KIEV/SLAVIANSK, Ukraine (Reuters) - Ukraine has given pro-Russian separatists a Monday morning deadline to disarm or face a “full-scale anti-terrorist operation” by its armed forces, raising the risk of a military confrontation with Moscow.
Angered by the death of a state security officer and the wounding of two comrades near the flashpoint eastern city of Slaviansk, acting president Oleksander Turchinov gave rebels occupying state buildings until 0600 GMT to lay down their weapons.
“The National Security and Defence Council has decided to launch a full-scale anti-terrorist operation involving the armed forces of Ukraine,” Turchinov said in an address to the nation.
He blamed Russia, which annexed Ukraine’s Crimea region when Moscow-backed former president Viktor Yanukovich fled after months of pro-Western protests, for being behind the rash of rebellions across Russian-speaking towns in eastern Ukraine.
“We will not allow Russia to repeat the Crimean scenario in the eastern regions of Ukraine,” Turchinov said.
Russia’s foreign ministry called the planned military operation a “criminal order” and said the West should bring its allies in Ukraine’s government under control.
“It is now the West’s responsibility to prevent civil war in Ukraine,” the ministry said in a statement.
A United Nations Security Council diplomat told Reuters on condition of anonymity that the council would meet at 8 p.m. (0100 GMT) in New York at Russia’s request. Another diplomat said negotiations were under way on Ukraine’s participation.
Earlier, the American ambassador to the U.N., Samantha Power, said on ABC’s “This Week” that the latest events in Ukraine bore “the telltale signs of Moscow’s involvement”.
“The president has made clear that, depending on Russian behavior, sectoral sanctions in energy, banking, mining could be on the table, and there’s a lot in between,” she added.
With East-West relations in crisis, NATO described the appearance in eastern Ukraine of men with specialized Russian weapons and identical uniforms without insignia - as previously worn by Moscow’s troops when they seized Crimea - as a “grave development”.
Ukraine has repeatedly said the rebellions are inspired and directed by the Kremlin. But action to dislodge the armed militants risks tipping the stand-off into a new, dangerous phase as Moscow has warned it will protect the region’s Russian-speakers if they come under attack.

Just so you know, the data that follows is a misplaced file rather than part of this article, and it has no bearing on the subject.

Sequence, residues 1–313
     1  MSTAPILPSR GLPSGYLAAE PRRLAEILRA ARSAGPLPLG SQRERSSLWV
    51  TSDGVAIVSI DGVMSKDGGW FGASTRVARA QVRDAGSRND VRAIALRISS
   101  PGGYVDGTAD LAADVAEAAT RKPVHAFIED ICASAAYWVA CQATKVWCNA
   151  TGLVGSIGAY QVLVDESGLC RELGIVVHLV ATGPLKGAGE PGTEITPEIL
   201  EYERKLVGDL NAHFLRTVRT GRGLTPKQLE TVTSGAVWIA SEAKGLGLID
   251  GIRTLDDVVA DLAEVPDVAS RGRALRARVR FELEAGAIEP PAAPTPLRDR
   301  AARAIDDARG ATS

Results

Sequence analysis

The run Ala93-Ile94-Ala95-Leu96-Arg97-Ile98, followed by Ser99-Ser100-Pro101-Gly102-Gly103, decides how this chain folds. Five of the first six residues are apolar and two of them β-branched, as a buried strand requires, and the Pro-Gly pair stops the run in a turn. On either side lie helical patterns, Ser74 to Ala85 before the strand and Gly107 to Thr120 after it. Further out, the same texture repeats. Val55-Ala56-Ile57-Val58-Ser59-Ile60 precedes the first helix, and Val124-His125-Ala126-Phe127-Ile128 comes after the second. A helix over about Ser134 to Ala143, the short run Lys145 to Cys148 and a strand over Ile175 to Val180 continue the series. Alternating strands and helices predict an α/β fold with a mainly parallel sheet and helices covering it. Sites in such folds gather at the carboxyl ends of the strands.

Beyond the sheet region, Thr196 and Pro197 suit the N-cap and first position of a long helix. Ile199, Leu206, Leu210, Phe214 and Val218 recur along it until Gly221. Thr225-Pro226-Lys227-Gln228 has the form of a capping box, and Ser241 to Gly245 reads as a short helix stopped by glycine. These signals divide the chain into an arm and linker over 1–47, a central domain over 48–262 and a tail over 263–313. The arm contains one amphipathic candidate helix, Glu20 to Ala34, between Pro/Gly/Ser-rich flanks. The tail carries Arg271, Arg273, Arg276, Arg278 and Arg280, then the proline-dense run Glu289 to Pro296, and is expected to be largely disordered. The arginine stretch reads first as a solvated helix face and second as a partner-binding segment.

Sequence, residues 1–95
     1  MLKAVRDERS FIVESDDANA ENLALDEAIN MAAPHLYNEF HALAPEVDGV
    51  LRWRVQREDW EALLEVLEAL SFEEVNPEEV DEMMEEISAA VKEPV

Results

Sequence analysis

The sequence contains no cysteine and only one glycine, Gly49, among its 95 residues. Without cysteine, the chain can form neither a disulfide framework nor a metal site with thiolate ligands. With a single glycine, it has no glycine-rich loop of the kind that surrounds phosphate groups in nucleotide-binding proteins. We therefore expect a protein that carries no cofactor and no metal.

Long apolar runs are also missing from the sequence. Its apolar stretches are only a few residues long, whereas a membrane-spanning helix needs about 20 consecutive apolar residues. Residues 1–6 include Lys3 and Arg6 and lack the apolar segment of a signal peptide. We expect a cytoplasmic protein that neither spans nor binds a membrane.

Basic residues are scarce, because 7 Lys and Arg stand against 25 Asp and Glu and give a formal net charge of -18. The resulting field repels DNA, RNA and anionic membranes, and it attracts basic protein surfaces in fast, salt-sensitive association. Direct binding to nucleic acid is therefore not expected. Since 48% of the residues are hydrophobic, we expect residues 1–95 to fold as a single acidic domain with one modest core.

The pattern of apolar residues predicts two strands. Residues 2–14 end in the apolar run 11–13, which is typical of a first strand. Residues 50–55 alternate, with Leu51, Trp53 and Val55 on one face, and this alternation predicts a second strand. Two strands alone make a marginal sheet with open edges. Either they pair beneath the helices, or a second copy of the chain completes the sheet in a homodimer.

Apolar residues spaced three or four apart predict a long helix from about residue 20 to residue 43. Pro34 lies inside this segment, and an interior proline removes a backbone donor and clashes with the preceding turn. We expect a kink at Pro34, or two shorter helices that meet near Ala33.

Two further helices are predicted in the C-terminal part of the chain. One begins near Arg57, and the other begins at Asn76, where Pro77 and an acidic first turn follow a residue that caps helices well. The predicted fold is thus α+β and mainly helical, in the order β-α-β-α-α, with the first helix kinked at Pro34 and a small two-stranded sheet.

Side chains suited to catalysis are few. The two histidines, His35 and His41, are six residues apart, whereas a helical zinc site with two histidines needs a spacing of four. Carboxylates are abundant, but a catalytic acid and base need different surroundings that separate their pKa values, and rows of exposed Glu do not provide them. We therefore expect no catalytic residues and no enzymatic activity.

One Ukrainian state security officer was killed and five were wounded on the government side in Sunday’s operation in Slaviansk, interior minister Arsen Avakov said. “There were dead and wounded on both sides,” he wrote on his Facebook page.
The Russian news agency RIA reported that one pro-Moscow activist was killed in Slaviansk in clashes with forces loyal to the Kiev government. “On our side, another two were injured,” RIA quoted pro-Russian militant Nikolai Solntsev as adding.
Russian TV broadcast grainy footage of what it said was the body of the militant. The images, which Reuters could not verify independently, showed a man in black clothes, slumped against the door of a car, with a pool of blood between his legs. A rifle lay next to him.
The separatists are holed up in the local headquarters of the police and of the state security service, while others have erected road blocks around Slaviansk, which lies about 150 km (90 miles) from the Russian border.
However, details of the fighting remain sketchy. A statement from the administration of the eastern Donetsk region indicated the security officer may have been killed between Slaviansk and the nearby town of Artemivsk. It said nine were wounded.
An eyewitness in Slaviansk said a gunman walked up to a car in the city centre and fired four or five shots into it. Video footage from the scene later showed a man being pulled out of the car, either seriously wounded or dead. It was not clear what links the shooting had with the unrest in the town.
Kiev accuses the Kremlin of trying to undermine the legitimacy of presidential elections on May 25 that aim to set Ukraine back onto a normal path after months of turmoil.